Five Foot Thick Blood Puddle -- If the title didn't clue you in as to what this album might hold in store for your already thoroughly tortured psyche and shriveled eardrums, a listen to the first few seconds of the opening cut, "Unfounded," will clarify everything for you in a hurry. Though slightly less hefty in execution than Five Foot Thick's leaden debut, Circles, the latest from Spokane's most polished nu-metal act, by no means represents an acquiescence to the influence of emo. Cripes, they still sound pissed as hell (why so aggro, man?) and deliver precision metallic assaults and profanity-laced rants with more authority than many on the national scene. But what this? Is that melody I hear (on "Ducked Out," "Nothing" and elsewhere) creeping into the mix to bust up singer Bryan Dilling's mostly screamed, mostly rapped lung-hurling vocals? Yes, by god, and it's most welcomed. Not everyone's cup of poison to be sure, but fans of heavy (and I mean heavy) modern rock should consider picking up this passkey to FFT's curiously and resolutely angry world. -- Mike Corrigan
Sittser Road to Anywhere -- When Sittser was still five unnamed Whitworth College student musicians, they were confronted at their first gig by an MC who insisted they have some kind of name before they hit the stage. Their bass player at the time jokingly yelled out "The Jerry Sittser Band," in reference to one of Whitworth's most popular and prominent professors. The crowd loved it, the name (in truncated form) stuck and the rest, as they say, is history.
With the first "thank you" in the liner notes going out to Jesus Christ, I wondered if I was perhaps too much of a cigarette-sneaking, whiskey-slugging, jaded and demoralized agnostic to be reviewing Sittser's second effort. But folks, I was impressed. The first track, "Price of a Past," started out a little too much in Dave Matthews Band territory, but Tyler Kumakura's articulate, resonant voice and the addition of fiddle and cello rescued the situation in short order. "One More Stop" delivers some competent blues action, and the surprisingly pretty guitar arrangements on "Best of Me" lodged in my head for hours. Their sound is along the lines of Matchbox 20, but I found Sittser much more interesting. The professional quality of this CD, along with the announcement on their Web site that Sittser was recently selected one of www.cornerband.com's best 30 emerging artists, indicates that this band might just be going places in the near future. --Sheri Boggs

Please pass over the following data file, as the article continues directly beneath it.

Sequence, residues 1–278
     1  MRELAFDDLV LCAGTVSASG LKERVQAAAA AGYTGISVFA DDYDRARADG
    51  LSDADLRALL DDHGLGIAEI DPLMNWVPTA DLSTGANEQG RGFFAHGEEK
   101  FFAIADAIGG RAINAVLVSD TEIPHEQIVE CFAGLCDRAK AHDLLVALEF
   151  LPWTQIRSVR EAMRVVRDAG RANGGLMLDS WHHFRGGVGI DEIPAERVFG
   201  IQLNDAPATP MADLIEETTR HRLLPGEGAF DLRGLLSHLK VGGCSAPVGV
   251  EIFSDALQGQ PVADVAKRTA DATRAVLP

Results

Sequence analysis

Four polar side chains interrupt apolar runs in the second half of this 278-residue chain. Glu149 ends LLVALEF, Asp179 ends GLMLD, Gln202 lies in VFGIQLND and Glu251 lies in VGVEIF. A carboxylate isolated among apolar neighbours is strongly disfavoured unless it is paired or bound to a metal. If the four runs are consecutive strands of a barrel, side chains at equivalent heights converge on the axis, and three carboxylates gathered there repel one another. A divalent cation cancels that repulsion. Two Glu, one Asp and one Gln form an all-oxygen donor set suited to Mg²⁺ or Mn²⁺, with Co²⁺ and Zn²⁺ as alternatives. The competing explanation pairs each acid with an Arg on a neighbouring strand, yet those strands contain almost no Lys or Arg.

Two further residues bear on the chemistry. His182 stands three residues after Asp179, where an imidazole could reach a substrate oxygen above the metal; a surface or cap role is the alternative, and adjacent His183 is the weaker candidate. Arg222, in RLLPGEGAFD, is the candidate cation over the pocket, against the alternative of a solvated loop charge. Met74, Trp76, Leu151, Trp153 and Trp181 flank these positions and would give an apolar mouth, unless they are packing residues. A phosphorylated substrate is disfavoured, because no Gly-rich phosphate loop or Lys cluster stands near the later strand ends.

Elderstaar Sterling Dreams -- Elderstaar has become one of the premiere hardcore bands in the Spokane area in a relatively short time, and its most recent endeavor, Sterling Dreams, captures their energy and heaviness.
The album's opening track, "Intro," is exactly that. A soothing piano gives way to disjointed yet melodic guitars and just as it begins to take shape, it fades. The "hard" in hardcore makes its presence known through the remainder of the record. The guitar work is characteristic of nu-metal but isn't your run-of-the-mill stereotypical drop D mayhem. Intricate interludes of layered guitars pop up inside of the distorted madness, adding interesting dynamics to the song structures. Rapping between spoken-word jaunts is the vocal delivery of choice here. Instrumentation on this album also includes a bit of piano, a dash of the cello and a guest female vocalist.
The production is very clean, showcasing the music of Elderstaar accurately. The guys are currently working on a new album, so be on the watch for even more new material in the near future. -- Clint Burgess
Cosmic Dust Journey -- One of the great things about musicians in Spokane is their tolerance, even encouragement of artistic diversity. Where some cities have a music community that draws rigorous lines between genres, styles and artists, Spokane has a large group of performers who appreciate skill and taste regardless of the music's origins.